Lufthansa yesterday announced that Brussels Airlines, an airline it has owned since 2016, would send its Belgian CEO and CFO packing by March 31, 2018, and the airline would be lead by German who is currently holding the chief commercial officer title.
Brussels Airline is part of Eurowings on Lufthansa’s organization chart and the airline would rather have it better integrated with the EW point to point model rather than using Brussels as a hub.
Here’s an excertp from the Financial Times (access their piece here):
The demise of Sabena, with the loss of 10,000 jobs, was a heavy blow to Belgium’s economy and national pride, leading to years of political recriminations and corporate litigation over whether its downfall was preventable. It also means the country is acutely sensitive to any strategic shift at Brussels Airlines, which has some 3,500 employees and operates 300 flights daily, many of them out of Zaventem.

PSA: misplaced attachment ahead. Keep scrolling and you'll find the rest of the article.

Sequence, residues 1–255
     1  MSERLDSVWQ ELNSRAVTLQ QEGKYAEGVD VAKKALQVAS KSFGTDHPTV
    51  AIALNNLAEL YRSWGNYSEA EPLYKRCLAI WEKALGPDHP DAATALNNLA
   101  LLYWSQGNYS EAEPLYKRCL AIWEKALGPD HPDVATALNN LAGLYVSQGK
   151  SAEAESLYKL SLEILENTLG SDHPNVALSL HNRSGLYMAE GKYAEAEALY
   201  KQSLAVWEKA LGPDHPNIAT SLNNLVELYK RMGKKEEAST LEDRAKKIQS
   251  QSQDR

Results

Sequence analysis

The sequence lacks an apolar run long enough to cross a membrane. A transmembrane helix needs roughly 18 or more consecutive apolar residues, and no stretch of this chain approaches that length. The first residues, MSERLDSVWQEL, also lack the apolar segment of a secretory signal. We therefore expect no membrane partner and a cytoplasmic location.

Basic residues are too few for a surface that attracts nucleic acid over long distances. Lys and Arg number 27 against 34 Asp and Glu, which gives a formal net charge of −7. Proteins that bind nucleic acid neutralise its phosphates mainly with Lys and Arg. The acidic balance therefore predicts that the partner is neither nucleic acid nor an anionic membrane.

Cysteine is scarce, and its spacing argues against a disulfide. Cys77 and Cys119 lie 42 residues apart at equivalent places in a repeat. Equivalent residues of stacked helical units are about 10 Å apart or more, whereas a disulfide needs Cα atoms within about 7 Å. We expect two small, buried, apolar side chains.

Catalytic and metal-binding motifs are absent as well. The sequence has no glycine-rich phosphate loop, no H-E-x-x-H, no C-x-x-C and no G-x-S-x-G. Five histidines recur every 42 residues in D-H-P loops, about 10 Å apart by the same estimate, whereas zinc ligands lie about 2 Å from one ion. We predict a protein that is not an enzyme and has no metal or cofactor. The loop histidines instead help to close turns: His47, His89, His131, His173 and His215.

In its most recent annual accounts, published in March 2017, the company recorded an operating profit of €20.4m and a net profit of €15m. It said at the time that revenues had been hit by the March 2016 terrorist attacks in Brussels, which included a double suicide bombing at Zaventem. It estimated that the direct financial impact of the attacks, which led to a temporary shutdown of the entire airport, was more than €100m.
And here’s from Reuters (access here):
Brussels Airlines plans to cut its costs by between 10 and 15 percent in the coming years to remain competitive with low-cost rivals, its Chief Executive Bernard Gustin told Belgian daily De Tijd in December.
Lufthansa took full control of Brussels Airlines in late 2016, expanding its network in Africa, where the Belgian unit flies to many sub-Saharan destinations. Currently, Brussels Airlines has 44 planes, 10 of which are long-haul jets.
Brussels Airlines is rather small airline and they already operate LCC type model, although are part of Star Alliance. The new leadership is apparently seeking further cost reductions.
Having more flights flown by Eurowings just means that there won’t be any benefits for Star Alliance Gold members unless there are reciprocal benefits negotiated outside of the alliance such as those between Lufthansa and United.